28 “And why worry about your clothing? Look at the lilies of the field and how they grow. They don’t work or make their clothing, 29 yet Solomon in all his glory was not dressed as beautifully as they are. 30 And if God cares so wonderfully for wildflowers that are here today and thrown into the fire tomorrow, he will certainly care for you.

Can you just imagine how those words sounded to the people crowding around Jesus there on a mountainside?

Do these words provide us the very same sense of relief?  If we sit down to the nightly news and hear of one more tragedy, can we turn to the words in Matthew and experience a release from worry?  Can we share these words with the other worrywarts we know in our own world in an effort to relieve them?

Our role in today’s world is no different than it was for the earliest Christians who were taught by Jesus himself.  Our role in today’s world is to lead others to know that with God nothing can be against us.  We do not have to feel as though all the bad things happening are because God is missing in our lives.  Or even more, the bad things are not because God is punishing us.

The entire Sermon on the Mount provides Christians today as much training as it did the first Christians, the ones who were still Jews or Gentiles not realizing the fulfillment of an ancient prophecy had happened.  We need to take some time to focus on those very basic lessons for us in an effort to lesson the worry that seems to consume us.

I am one of the biggest worrywarts I know.  I have struggled to keep my life moving forward rather than give in to the negative experiences I have confronted.  And, just like eating too many sweets, when I try to change my bad habits, I can make mistakes.  But, I never give up.  Jesus tells us that we simply must believe and to turn over our worries to God.

Turning over our worries is not turning our backs on the causes of worry.  God asks us to follow the one commandment: to love one another.  Anything we can do to maintain that one law is our responsibility.  For every single human we can reach and turn into a believer, we take one more step to transform the world.

We may not be able to prevent all the evil in the world, but we can wrap up the evil in prayer, turn it over to God, and do what we can to keep the evil away from our Christian foundation.

When we begin to feel the negatives in the world wearing us down, we need to look around us carefully and see the good that still exists right there along with the bad.  We are to look for the proverbial silver lining in the clouds, and then reveal that silver lining to others.  If we share the good with others, we can defend ourselves from evil.

Each one of us has the potential of being a Christian leader.  Each one of us can model the lessons Jesus taught us from the mountainside.  Each one of us can read the scripture to renew our own understanding of God’s grace.  There is nothing to stop us from talking with others, just like the receptionist at the office, and sharing the confidence we have in God.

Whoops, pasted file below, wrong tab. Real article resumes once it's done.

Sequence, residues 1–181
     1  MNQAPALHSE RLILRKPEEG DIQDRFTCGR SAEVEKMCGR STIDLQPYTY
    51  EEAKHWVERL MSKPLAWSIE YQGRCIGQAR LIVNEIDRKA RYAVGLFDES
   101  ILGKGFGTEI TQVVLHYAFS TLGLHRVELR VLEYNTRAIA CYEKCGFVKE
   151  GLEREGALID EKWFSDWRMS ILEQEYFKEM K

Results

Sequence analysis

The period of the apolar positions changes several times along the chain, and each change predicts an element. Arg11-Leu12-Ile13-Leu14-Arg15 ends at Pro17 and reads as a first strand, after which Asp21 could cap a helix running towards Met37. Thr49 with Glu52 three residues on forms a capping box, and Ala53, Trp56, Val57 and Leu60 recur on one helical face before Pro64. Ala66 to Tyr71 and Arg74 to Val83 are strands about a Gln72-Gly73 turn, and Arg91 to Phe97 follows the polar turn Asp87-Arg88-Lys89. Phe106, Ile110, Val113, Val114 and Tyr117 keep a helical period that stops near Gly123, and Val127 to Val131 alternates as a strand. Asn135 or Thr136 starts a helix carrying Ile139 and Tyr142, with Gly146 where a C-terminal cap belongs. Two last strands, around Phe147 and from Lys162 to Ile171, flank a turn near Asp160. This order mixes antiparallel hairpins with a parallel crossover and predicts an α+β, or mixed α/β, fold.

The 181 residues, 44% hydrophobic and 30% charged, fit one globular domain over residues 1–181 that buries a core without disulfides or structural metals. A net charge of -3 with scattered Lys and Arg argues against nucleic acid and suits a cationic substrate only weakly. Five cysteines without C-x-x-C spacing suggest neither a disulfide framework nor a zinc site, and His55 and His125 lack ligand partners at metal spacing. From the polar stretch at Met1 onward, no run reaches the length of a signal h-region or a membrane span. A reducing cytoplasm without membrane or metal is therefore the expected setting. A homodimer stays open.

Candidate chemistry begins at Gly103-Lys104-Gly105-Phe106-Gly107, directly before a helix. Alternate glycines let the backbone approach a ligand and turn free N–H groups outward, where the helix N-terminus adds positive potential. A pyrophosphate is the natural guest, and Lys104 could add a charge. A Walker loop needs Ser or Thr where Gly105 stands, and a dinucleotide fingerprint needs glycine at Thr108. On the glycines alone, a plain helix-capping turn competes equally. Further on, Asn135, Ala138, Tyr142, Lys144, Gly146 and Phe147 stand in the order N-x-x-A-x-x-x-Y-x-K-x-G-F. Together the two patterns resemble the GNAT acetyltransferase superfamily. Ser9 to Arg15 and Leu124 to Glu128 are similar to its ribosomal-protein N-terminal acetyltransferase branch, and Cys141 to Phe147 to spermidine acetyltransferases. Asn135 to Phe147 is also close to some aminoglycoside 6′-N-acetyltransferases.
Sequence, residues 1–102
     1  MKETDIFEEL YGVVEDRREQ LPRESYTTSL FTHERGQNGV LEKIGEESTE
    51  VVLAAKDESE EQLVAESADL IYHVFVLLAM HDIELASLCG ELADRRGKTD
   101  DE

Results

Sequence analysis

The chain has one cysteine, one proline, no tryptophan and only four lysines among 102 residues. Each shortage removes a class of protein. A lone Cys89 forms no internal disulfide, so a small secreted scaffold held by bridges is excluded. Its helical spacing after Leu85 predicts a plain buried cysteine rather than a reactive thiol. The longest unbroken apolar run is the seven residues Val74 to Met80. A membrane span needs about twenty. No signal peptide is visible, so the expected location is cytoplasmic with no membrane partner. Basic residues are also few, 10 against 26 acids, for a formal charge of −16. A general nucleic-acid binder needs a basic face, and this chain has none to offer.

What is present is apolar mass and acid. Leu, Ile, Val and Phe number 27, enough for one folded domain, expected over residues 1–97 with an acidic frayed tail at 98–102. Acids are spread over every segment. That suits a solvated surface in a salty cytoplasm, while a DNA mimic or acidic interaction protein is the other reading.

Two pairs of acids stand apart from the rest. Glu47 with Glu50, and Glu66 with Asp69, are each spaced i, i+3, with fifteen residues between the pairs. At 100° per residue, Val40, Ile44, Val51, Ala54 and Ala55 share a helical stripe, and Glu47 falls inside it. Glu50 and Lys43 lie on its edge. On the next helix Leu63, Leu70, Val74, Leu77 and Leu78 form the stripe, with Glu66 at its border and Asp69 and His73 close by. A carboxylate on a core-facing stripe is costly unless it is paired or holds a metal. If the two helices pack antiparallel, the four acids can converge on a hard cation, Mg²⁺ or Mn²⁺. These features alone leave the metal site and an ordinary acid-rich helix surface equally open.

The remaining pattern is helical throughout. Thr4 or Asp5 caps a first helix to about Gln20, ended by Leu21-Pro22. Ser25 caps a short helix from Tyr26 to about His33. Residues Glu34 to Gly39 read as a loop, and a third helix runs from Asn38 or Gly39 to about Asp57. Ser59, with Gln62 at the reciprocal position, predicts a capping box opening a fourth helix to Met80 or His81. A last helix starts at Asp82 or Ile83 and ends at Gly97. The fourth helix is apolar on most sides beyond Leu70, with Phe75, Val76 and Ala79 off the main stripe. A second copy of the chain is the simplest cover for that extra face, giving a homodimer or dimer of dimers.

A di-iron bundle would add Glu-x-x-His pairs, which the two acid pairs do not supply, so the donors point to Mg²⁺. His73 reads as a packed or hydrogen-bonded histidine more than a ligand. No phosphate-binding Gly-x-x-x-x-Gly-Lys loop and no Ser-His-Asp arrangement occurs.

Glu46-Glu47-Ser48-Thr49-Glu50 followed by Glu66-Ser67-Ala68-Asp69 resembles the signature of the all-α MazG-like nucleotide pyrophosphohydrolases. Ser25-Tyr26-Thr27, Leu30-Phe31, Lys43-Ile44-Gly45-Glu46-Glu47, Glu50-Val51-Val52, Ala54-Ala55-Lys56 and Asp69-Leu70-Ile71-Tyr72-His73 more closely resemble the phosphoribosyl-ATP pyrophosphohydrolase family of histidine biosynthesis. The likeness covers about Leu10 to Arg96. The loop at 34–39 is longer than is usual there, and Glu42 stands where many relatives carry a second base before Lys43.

In casual conversations, rather than dwell on the negative, look for the positives.  We do not have to take the evil reports and accept them as today’s new standards.  We have a job to do:  share!  Share the good news with others you meet along the way.  Be prepared with a verse or two to share with others.  Model a worry-free life to family, friends, neighbors, and even strangers.  Use the words without guilt.

Look at Paul’s words to Timothy as he concludes his warning of all the trials that may confront him in his ministry–2 Timothy 3:10-11, 13-14

10 But you, Timothy, certainly know what I teach, and how I live, and what my purpose in life is. You know my faith, my patience, my love, and my endurance. 11 You know how much persecution and suffering I have endured.  . . . 13 But evil people and impostors will flourish. They will deceive others and will themselves be deceived.  . . . 14 But you must remain faithful to the things you have been taught.

Worrywarts, let those worries go!  Christians, remain faithful to God.  Then watch carefully as evil looses its control over our world.

Closing prayer:

Dear Master Teacher,

Over and over we are challenged by evil.

We feel our joyful selves draining dry.

Open our memories to the words Jesus taught.

Remind us that worry is an enemy, too.

Help us keep worry from controlling our lives.

Help us defend ourselves while helping others, too.

Help us to see God’s glory amongst the troubles.

Then fill us with joy as we release our worries.

Then let us share with others the wonder of God’s grace.

May we all do all we can for other worrywarts

so they can find the excitement of living

in God’s world now and forever.  –Amen